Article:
IMF Cautions America Over Runaway Government Spending ‘Out of Line With Long-Term Fiscal Sustainability’

Secretary Yellen defends the Biden administration’s profligate spending, stating that ‘from the start of the Administration, President Biden has made clear that American isolationism was over.’

AP/Jacquelyn Martin
Letters spell out IMF during a news conference about the International Monetary Fund's (IMF) World Economic Outlook report, during the IMF Spring Meetings, Tuesday, April 16, 2024, at Washington. AP/Jacquelyn Martin

While Treasury Secretary Yellen is touting the end of “American isolationism,” the International Monetary Fund is taking aim at the optimism of American policymakers, arguing at its annual meeting at Washington this week that America’s runaway spending is unsustainable. 

Ms. Yellen is pledging to further economic ties with American allies and emerging markets to strengthen supply chains, which she calls “friendshoring — which bolsters our nation’s economic security and brings benefits to other economies,” she said in a statement on Tuesday ahead of the World Bank and IMF’s spring meetings. 

In defense of American spending that far exceeds other modern economies, Ms. Yellen said that “from the start of the Administration, President Biden has made clear that American isolationism was over.” 

Amid all that spending, though, the IMF said in its annual World Economic Outlook on Tuesday, “something will have to give.” The IMF says that the long-term fiscal and financial stability around the world is being put at risk by an overly generous Washington seeking to save the day in developing economies and new global conflicts. That reasoning is in part prompting a fresh wave of “isolationism” — a foreign policy President Trump and his allies call “America First.” 

“The exceptional recent performance of the United States is certainly impressive and a major driver of global growth,” the IMF said in its report. “But it reflects strong demand factors as well, including a fiscal stance that is out of line with long-term fiscal sustainability.”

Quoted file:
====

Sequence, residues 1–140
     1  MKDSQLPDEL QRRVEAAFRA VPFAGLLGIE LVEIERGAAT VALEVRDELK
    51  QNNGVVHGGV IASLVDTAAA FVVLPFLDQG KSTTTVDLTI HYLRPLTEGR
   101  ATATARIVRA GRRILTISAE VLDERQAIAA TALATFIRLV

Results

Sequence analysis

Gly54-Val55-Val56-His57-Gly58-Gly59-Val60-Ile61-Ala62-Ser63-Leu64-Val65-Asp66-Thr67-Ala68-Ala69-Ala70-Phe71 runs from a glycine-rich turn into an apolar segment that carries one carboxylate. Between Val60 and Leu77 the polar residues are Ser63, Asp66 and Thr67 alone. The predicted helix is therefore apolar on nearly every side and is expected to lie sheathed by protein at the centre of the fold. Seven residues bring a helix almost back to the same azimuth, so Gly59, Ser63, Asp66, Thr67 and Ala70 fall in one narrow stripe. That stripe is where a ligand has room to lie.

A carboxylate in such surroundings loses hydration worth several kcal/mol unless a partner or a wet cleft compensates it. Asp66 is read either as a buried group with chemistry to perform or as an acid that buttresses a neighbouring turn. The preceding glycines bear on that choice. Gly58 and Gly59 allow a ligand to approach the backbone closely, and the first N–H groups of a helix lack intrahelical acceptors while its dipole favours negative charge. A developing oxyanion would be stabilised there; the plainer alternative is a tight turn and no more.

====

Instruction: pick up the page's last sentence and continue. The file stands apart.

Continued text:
The Congressional Budget Office predicts that federal debt held by the public will reach $45.7 trillion by 2033, which is 114 percent of GDP, up from 97 percent at the end of 2023. High-interest costs, Covid-related stimulus, and big investments in infrastructure and clean energy have pushed American deficit spending to historic highs in recent years. 

Ms. Yellen has aimed to quell concerns of overspending. She said in her remarks that the global economic outlook is “resilient,” “powered by a strong U.S. economy.” Inflation is dropping, the gross domestic product is growing, and the labor market is strong, she said. The IMF projects global growth will continue at 3.2 percent this year and 3.1 percent next year. 

Debt sustainability reflects the cost to service debt as a percentage of GDP, adjusted for inflation, as Ms. Yellen has said in the past. The White House projects that real net interest expenses will stay below 2 percent in the next decade. High interest rates, however, could undermine the Treasury Department’s sunny forecast. 

Ms. Yellen also delivered on Tuesday a plea for Washington “to provide critical support for our allies” as the debate over American aid to Ukraine and Israel remains stalled in Congress. The Biden administration has imposed additional sanctions on Russian assets and targeted more than 500 individuals and entities connected to Iran and its proxies, which launched an unprecedented attack on Israel last weekend. 

“This is a humanitarian and moral imperative,” Ms. Yellen said, “and also an economic one given the war’s significant negative impacts on economies around the world.”

The New York Sun

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